Page 10 - Australian Pork Newspaper
P. 10

Keeping African swine fever out of Australia
A timeline of department responses to the spread of ASF
September 14, 2018:
Notification from the European Commission of an outbreak of ASF in wild boar in Belgium.
September 18, 2018:
Changes in import conditions for pig meat and goods with pig ma- terial sourced from Belgium.
The department announces pig meat and goods containing or potentially contaminated with pig material sourced from Belgium are no longer permitted to be imported to Australia. These goods include:
• Uncooked pig meat for human consumption;
• Laboratory goods containing pig material (such as animal fluids and tissues, culture media); and • Pet food containing pig meat from Belgium.
November 2018:
Ongoing spread of ASF overseas.
November 6, 2018:
Revised import conditions for jerky and biltong for personal use.
The department announces jerky and biltong (a product similar to jerky) derived from pig meat brought in for personal use will no longer be permitted entry to Australia.
November 14, 2018:
Changes to the import requirements for baked pig ears.
The department announces that – in addition to requiring an import permit and undergoing significant thermal processing – baked pig ears sourced from countries affected by foot and mouth disease (FMD), classical swine fever, African swine fever and/or swine vesicular dis- ease will now require gamma irradiation to 50k gray upon arrival in Australia. This change applies to all baked pig ears and replaced the condition for pig ears to either be processed in an establishment approved by the department or gamma irradiated on arrival.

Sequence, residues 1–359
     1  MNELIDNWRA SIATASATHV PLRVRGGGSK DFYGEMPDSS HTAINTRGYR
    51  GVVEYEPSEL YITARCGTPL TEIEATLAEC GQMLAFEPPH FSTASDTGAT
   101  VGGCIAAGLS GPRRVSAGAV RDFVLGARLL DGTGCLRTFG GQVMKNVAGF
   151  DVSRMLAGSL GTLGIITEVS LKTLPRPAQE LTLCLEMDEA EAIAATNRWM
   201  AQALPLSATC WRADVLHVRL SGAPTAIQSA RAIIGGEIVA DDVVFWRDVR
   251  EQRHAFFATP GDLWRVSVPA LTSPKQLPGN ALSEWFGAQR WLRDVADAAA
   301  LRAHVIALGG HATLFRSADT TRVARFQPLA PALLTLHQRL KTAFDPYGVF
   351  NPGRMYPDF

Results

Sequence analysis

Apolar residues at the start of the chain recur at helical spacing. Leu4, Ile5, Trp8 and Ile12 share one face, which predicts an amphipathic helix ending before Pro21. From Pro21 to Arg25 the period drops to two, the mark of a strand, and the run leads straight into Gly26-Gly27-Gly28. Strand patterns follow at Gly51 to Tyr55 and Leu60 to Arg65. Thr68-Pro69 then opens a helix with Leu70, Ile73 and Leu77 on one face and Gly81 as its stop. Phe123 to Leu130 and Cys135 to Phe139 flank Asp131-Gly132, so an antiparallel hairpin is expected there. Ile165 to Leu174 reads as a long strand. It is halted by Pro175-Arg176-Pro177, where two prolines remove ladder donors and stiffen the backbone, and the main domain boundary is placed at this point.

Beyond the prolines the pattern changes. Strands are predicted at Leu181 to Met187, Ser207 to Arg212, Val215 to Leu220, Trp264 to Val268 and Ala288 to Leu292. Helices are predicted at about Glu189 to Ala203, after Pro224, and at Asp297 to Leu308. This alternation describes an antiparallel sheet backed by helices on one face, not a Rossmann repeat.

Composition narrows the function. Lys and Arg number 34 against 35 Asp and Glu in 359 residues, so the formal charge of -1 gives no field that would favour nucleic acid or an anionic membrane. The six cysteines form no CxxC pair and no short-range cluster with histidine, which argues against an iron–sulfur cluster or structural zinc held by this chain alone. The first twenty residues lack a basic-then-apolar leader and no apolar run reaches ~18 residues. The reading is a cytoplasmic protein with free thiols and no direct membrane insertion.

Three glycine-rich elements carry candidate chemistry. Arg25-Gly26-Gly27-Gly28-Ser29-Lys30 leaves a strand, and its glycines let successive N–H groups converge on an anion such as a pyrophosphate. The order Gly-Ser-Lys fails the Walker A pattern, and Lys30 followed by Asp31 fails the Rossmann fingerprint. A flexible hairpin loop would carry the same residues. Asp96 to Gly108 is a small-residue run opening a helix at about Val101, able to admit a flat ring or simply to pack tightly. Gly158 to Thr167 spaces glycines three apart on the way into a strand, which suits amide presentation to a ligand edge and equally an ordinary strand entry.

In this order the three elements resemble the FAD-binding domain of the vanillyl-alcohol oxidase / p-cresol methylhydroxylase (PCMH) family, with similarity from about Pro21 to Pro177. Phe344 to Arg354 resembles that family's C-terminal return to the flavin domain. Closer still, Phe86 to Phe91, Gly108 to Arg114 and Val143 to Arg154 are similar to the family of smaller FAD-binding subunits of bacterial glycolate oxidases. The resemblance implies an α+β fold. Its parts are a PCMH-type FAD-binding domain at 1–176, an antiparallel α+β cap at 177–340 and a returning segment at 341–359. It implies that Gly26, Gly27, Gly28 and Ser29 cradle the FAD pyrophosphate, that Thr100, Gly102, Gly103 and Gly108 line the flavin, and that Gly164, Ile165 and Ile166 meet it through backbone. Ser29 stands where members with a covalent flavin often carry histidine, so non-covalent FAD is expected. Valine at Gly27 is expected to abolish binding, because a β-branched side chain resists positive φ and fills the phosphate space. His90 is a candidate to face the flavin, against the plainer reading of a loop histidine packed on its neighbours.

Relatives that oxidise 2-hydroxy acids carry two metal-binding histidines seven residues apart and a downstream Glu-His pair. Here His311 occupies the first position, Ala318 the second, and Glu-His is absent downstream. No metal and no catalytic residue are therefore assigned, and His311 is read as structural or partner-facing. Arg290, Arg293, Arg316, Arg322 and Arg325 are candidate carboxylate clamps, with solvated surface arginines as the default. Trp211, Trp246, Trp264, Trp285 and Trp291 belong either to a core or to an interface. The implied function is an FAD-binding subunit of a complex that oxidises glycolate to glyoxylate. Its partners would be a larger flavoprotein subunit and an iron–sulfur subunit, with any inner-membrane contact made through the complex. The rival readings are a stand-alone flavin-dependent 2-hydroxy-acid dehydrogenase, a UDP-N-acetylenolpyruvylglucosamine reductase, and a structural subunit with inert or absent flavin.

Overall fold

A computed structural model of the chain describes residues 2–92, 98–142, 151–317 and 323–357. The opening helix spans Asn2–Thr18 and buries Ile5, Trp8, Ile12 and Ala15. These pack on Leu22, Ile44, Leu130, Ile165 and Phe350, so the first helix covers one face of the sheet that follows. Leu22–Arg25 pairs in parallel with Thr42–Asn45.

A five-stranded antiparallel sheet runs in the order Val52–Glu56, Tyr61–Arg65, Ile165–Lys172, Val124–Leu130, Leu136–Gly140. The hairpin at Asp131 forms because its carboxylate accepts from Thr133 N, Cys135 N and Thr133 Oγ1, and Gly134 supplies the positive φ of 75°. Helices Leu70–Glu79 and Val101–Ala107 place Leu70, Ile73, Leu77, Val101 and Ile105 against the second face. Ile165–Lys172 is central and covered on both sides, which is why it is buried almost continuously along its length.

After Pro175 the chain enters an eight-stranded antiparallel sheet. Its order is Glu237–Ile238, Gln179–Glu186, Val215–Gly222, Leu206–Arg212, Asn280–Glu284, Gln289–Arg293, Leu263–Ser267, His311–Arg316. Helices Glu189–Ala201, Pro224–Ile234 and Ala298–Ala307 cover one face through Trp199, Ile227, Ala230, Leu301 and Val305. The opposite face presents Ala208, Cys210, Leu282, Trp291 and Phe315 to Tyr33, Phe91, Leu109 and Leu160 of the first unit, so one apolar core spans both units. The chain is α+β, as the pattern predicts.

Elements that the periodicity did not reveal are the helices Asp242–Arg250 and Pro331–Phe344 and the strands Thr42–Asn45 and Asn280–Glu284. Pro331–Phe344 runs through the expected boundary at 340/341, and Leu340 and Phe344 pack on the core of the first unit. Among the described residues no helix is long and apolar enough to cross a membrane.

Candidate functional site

December 15, 2018:
Revised import conditions for rawhide chews for pet food.
The department announces conditions for the importation of rawhide chews derived from pig hide or skin have been changed. If treatment and sourcing information is not confirmed in official health certification then the products also require gamma irradiation to 50k gray. In addition, importers of chews derived from bovine material will be required to provide evi- dence that the goods are not made of pig meat.
AFRICAN swine fever is a highly contagious and often fatal viral dis- ease of pigs not present in Australia.
and cargo to reduce the risk of ASF entering Aus- tralia.
by ASF. The department is issuing infringement notices to those travellers who fail to declare or pro- vide false or misleading information about any food, animal products or other risk items they’re carrying. Travellers may also face possible crimi- nal prosecution.
If introduced, ASF would have a serious im- pact on Australia’s pork industry.
The department has also placed a ban on the non-commercial import of high-risk pork prod- ucts.
Humans are not suscep- tible to ASF.
The ban was put in place on November 6, 2018 and applies to prod- ucts for personal use and arrive with international passengers or are sent to Australia in the mail.
Recent outbreaks of ASF in China, Vietnam and parts of Europe in- crease the risk of the dis- ease entering Australia.
The department has tar- geted: